Korean apartments, like most apartments in big cities, are tiny. Most foreign teachers have little studio apartments (one room with a kitchen and bathroom). Originally, I expected to receive a studio apartment. However, I lucked out with a one bedroom, with a decent amount of closet space, and by that I mean there is a closet.
The entrance to the apartment has a little electronic lock on it that looks similar to a hotel lock. You slide up a panel, enter a 4 digit code, then close the panel. The lock plays a little 8-bit (think Gameboy) tune then unlocks. Once you’re inside the panel plays the same little song backward, then locks itself. Its really neat and it makes stopping by friend’s apartments easy. If I’m still at work and Nicole wants to come over, she can just enter the code and make herself at home until I get back.
My shoes beside the door
When you walk into most Korean apartments, there’s a little area by the door to take off your shoes. In all the apartments I’ve seen, it’s a little stone area thats lower than the rest of the apartment, to contain any dirt or water from the shoes.
The apartment, aside from the bathroom is all wood floors. Korean heating comes from a network of heated pipes under the floor. There’s a unit on the wall, similar to a thermostat that controls both the floor heating and the hot water heater for the shower. I’m told floor heating is really expensive to run, like $7-a-day expensive. Most foreign teachers have told me just to buy a little space heater and keep it in whatever room you’re in, instead of heating the entire apartment.
To the left of the main door is a wall of cabinets, and aside from my kitchen, it’s really the only source of storage in the apartment. Luckily, its big enough to hold all my clothes and most of the luggage I traveled here with.
Across from the front door is the bathroom. In Korea, there are no dedicated showers. It’s generally seen as a waste of space. Instead, there’s a shower head on the wall that just sprays all over the bathroom and the entire bathroom becomes the shower. It seemed odd at first, but I’ve grown accustomed to it and now I just see it as a giant awesome shower. One point worth noting is that, as you might expect, everything in your bathroom will get wet, so put your toilet paper away and any other electronics (hair dryer, razor, etc) before you shower.
The Living Room
The main room of the apartment is the size of most college bedrooms. It’s not particularly big, just enough room for a TV, desk, and small couch (coming soon). My apartment comes with a TV and cable, whether I want it or not. All the channels, aside from FOX, seem to be in Korea. I’m told discovery channel is in English as well. I’ll take a look another day.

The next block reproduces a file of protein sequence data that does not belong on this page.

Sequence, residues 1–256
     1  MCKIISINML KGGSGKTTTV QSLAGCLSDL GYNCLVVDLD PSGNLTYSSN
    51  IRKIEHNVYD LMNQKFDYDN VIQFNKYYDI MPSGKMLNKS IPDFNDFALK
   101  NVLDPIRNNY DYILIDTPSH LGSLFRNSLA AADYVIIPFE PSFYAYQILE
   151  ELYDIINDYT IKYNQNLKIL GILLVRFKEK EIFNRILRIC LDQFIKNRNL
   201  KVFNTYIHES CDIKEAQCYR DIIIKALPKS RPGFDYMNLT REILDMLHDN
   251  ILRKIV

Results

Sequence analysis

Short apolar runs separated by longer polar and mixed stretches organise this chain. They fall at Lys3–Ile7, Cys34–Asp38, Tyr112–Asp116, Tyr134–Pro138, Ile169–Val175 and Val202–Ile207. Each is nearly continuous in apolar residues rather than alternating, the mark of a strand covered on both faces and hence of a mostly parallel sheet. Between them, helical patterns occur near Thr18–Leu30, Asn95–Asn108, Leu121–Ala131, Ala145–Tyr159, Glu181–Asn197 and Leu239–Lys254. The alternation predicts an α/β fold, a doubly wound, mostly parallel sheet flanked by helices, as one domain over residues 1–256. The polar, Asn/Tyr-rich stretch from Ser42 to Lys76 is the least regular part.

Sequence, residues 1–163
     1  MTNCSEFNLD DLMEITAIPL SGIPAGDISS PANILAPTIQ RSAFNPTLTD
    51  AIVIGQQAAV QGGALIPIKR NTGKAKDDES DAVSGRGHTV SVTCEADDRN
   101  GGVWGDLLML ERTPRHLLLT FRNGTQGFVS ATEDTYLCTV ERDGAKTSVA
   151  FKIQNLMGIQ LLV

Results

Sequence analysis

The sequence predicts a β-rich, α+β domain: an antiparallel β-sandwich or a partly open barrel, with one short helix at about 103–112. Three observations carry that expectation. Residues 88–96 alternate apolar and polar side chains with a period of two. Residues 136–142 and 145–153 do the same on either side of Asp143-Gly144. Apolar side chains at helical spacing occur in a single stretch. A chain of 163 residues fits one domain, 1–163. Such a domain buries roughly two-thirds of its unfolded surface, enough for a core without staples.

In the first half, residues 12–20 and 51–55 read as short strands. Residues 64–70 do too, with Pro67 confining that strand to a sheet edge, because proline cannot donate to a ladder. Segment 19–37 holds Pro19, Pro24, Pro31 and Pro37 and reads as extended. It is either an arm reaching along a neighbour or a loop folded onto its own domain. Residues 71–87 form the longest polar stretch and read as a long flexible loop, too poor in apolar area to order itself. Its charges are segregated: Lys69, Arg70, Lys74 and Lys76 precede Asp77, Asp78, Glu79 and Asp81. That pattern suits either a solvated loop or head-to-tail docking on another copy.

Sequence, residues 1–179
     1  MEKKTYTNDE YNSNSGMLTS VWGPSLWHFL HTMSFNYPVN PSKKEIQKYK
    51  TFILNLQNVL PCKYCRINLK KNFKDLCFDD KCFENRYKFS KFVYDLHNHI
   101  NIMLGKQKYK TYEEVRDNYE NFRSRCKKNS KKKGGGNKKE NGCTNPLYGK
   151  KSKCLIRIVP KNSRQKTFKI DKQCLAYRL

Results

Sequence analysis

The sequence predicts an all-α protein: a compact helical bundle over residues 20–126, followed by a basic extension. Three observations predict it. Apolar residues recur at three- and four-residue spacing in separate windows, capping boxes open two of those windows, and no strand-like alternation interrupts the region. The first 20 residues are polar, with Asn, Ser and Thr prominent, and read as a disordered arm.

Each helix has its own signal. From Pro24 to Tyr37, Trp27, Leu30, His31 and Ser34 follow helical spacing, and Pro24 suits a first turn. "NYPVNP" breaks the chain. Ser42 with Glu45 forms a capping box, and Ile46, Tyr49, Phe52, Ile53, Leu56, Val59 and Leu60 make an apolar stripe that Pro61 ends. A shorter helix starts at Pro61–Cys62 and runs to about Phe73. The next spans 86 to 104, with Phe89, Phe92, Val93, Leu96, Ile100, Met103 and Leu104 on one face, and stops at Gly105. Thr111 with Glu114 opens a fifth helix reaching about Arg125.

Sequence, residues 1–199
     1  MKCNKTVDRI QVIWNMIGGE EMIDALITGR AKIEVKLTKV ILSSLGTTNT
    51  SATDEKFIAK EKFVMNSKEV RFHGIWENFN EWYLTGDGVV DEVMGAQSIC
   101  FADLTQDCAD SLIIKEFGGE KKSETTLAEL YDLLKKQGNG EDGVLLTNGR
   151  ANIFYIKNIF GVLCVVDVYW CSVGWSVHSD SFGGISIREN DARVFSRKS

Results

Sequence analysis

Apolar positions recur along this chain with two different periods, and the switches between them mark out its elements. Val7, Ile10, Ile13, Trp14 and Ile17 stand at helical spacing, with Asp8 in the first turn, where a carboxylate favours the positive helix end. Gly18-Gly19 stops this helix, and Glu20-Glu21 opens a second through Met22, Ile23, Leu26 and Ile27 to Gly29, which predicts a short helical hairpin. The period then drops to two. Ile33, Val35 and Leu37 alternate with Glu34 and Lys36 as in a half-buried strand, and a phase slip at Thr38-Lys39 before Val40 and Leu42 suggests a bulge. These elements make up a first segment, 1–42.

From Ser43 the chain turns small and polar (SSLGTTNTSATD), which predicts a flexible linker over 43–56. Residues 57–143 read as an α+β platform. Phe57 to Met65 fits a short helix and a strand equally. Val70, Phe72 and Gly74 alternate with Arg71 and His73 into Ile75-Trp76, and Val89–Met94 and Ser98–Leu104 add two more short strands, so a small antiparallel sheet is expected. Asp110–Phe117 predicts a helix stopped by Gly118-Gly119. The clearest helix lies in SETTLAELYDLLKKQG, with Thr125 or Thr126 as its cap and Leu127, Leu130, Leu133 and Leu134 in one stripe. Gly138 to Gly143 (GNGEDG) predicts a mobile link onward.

There is a set of sliding glass doors that separate the kitchen from the main room. I’m told this is to keep kitchen smells and heat from getting into the rest of the house as well as insulate the main rooms from the cold or heat outside.
The kitchen has a small sink, a two burner stove (no oven), a 3/4 size fridge, and a washing machine (no dryer). On the ceiling is a drying rack that can be lowered down. Once you’re done washing your clothes, you lower the rack, place your clothes on it, then raise it back up again to keep it out of the way. When you’re using the drying rack, especially in winter, it’s important to close the kitchen doors and open the kitchen window, to keep the rest of the apartment from becoming moldy from the wet clothes.
Finally the bedroom. It’s in the back of the apartment and about the size of the main room. I have a bedside table and a bed. The bed is interesting. Korean’s have single size beds instead of twins. Singles are about halfway between a twin and a double. There a pretty good size. I wouldn’t mind having one in the states. With Nicole and I sleeping on it, there’s enough space for both of us to sleep comfortably, but no extra space off to one side or the other. The mattress is absurdly uncomfortable. It’s an old metal spring mattress with zero cushion. I’m told this is common in Korea. Kayla, another foreign teacher at my school, and also my neighbor, had two mattress pads, so she gave me one to use. With the pad of the bed, it’s pretty comfortable.
The entire apartment is cooled by an AC unit in the living room that has a little remote for it. Because the apartment is so small, the unit can cool down most of the apartment in 30 minutes or so. Overall, the apartment exceeded my expectations for a Korean apartment, and once I get a small couch, I’ll be pretty happy with the place.